EU to set up legal entity to facilitate trade with Iran

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Iranian Foreign Minister Mohammad Javad Zarif meets with Greek Prime Minister Alexis Tsipras (not pictured) at his office at the Maximos Mansion in Athens, Greece, April 23, 2017. REUTERS/Michalis Karagiannis

The European Union (EU) will set up a legal entity to facilitate legitimate financial transactions with Iran in light of the U.S. withdrawal from the international agreement on Tehran’s nuclear program and the re-imposition of sanctions, said the EU’s foreign and security policy chief Federica Mogherini on Monday.

The legal entity will allow European companies to continue to trade with Iran in accordance with EU law and could be open to other partners in the world, Mogherini told reporters at the UN Headquarters in New York after she attended a meeting of foreign ministers from Iran and from Britain, China, France, Germany and Russia — the five remaining powers of the 2015 agreement after the withdrawal of Washington.

Mogherini said participants of Monday’s ministerial meeting were supportive of such a measure.

These initiatives are aimed at preserving the Iran nuclear deal, which is in the interests of the international community, according to a joint statement of the foreign ministers, whose English version was read out to reporters by Mogherini.

“The participants welcomed practical proposals to maintain and develop payment channels, notably the initiative to establish a Special Purpose Vehicle to facilitate payments related to Iran’s exports — including oil — and imports, which will assist and reassure economic operators pursuing legitimate business with Iran,” reads the statement.

“In practical terms this will mean that EU member states will set up a legal entity to facilitate legitimate financial transactions with Iran,” explained Mogherini.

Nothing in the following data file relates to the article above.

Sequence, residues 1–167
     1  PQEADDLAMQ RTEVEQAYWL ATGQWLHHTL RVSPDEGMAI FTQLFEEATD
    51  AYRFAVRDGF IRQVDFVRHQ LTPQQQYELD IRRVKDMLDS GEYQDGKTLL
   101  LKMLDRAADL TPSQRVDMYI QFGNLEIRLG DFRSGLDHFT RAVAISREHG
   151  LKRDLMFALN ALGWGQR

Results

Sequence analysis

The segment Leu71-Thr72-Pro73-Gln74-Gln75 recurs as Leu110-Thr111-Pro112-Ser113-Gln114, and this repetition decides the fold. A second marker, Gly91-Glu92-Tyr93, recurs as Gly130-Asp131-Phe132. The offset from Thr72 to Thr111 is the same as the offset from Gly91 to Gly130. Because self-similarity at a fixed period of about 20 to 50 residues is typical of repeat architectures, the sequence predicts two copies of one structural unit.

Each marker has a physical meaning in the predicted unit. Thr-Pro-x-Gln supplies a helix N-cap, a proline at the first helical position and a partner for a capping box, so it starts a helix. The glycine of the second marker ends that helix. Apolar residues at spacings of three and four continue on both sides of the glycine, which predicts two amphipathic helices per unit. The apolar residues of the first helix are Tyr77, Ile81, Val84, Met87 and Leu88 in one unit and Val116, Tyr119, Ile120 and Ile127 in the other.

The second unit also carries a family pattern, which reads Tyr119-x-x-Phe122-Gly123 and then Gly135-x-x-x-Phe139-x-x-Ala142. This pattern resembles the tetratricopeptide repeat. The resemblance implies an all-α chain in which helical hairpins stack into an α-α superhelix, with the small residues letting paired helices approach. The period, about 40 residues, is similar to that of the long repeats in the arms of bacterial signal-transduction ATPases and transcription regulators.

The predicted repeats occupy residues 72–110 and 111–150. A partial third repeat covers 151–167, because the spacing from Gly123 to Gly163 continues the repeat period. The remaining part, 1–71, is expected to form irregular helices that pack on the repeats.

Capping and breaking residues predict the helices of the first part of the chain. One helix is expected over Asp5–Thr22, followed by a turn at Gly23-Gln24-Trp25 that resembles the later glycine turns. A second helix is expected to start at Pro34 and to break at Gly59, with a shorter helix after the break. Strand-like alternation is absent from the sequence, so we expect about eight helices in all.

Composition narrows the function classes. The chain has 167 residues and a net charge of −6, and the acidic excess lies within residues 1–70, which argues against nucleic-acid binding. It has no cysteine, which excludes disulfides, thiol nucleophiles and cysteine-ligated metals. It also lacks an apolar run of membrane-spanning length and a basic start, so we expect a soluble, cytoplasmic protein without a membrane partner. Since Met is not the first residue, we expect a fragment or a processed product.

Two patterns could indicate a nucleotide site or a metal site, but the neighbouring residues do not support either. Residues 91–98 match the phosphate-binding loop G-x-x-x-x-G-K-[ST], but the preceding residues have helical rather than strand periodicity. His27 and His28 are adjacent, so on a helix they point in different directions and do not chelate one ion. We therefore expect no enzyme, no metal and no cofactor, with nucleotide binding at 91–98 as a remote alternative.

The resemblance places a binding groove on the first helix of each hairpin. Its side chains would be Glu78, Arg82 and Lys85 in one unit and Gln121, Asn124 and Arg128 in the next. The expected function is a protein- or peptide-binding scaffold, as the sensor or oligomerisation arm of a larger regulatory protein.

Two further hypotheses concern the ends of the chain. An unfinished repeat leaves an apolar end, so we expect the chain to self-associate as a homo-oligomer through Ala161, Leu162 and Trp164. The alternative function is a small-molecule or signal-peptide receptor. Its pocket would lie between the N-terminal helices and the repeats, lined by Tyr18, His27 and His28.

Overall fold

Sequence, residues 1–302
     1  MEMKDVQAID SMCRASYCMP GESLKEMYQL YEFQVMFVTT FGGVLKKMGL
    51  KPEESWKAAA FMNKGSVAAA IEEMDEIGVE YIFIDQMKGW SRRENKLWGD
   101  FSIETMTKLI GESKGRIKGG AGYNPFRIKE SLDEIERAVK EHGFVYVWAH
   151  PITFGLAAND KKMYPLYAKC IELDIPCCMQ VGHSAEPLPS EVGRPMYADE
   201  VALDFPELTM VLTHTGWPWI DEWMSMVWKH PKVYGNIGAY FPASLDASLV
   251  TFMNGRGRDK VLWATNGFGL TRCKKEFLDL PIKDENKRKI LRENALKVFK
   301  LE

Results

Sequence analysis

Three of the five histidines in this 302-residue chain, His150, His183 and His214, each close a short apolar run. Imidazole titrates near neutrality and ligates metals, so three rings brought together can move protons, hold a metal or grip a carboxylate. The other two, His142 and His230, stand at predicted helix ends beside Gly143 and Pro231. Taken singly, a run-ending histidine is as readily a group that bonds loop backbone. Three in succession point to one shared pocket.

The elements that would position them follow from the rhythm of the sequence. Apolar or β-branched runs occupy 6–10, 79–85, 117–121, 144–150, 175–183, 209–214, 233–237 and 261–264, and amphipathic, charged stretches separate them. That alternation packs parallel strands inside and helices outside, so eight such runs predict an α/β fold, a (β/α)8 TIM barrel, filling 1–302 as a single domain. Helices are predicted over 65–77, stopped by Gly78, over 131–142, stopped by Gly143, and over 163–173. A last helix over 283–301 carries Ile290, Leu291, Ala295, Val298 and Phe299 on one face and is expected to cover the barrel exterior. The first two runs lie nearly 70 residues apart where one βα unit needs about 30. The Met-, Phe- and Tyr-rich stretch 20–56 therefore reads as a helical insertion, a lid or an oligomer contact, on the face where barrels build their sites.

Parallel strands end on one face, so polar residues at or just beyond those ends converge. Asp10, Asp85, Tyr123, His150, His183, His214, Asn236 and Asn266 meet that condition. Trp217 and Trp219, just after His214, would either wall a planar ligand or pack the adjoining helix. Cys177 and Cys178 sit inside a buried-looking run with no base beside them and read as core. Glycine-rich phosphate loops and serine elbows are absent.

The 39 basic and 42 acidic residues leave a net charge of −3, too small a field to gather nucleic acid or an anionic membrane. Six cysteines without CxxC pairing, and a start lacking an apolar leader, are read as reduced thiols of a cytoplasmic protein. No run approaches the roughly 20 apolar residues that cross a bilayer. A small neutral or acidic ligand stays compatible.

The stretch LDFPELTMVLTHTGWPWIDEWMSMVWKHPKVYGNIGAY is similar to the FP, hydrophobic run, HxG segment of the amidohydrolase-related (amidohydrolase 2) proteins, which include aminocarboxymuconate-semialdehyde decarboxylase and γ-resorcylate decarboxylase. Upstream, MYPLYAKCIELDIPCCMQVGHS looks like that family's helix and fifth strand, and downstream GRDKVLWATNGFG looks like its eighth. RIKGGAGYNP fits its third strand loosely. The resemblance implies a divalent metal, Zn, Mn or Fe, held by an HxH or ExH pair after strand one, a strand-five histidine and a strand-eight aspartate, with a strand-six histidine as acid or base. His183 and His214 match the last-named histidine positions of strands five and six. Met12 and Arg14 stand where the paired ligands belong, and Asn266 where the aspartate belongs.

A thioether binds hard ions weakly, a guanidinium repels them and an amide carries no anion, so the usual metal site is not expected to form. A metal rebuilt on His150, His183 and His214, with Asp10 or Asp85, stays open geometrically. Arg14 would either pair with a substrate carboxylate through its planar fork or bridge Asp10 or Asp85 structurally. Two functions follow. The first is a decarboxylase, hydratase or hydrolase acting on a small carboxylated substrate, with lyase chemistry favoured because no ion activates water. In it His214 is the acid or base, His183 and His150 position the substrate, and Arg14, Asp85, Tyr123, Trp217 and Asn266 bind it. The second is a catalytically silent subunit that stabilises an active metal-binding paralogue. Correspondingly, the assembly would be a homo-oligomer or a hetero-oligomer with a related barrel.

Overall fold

The six foreign ministers and Mogherini met on Monday on the sidelines of the UN General Assembly in a bid to save the Iran nuclear deal after U.S. President Donald Trump decided in May to pull out of it and to restore sanctions on Iran, including those intended to curb Tehran’s oil exports.

“The participants considered ways forward to ensure the full and effective implementation of the JCPOA in all its aspects,” reads the statement, using the formal name of the Iran deal, or the Joint Comprehensive Plan of Action.

“They also took stock of the process of finding and operationalizing practical solutions for issues arising from the unilateral withdrawal of the United States from the agreement and the re-imposition of sanctions.”

The participants recognized that alongside implementation by Iran of its nuclear-related commitments, the lifting of sanctions, including the economic dividends arising from it, constitutes an essential part of the JCPOA, says the statement.

The participants recognized that Iran indeed has fully and effectively implemented its nuclear-related commitments, notes the statement.

They said that the JCPOA is a key element of the global non-proliferation architecture and a significant achievement of multilateral diplomacy endorsed unanimously by the UN Security Council through Resolution 2231.

Participants underlined their determination to protect the freedom of their economic operators to pursue legitimate business with Iran, in full accordance with the Security Council resolution.

The participants reaffirmed their continued commitment to their past promises, including the one to pursue concrete and effective measures to secure payment channels with Iran, and the continuation of Iran’s export of oil and gas condensate, petroleum products and petrochemicals, says the statement.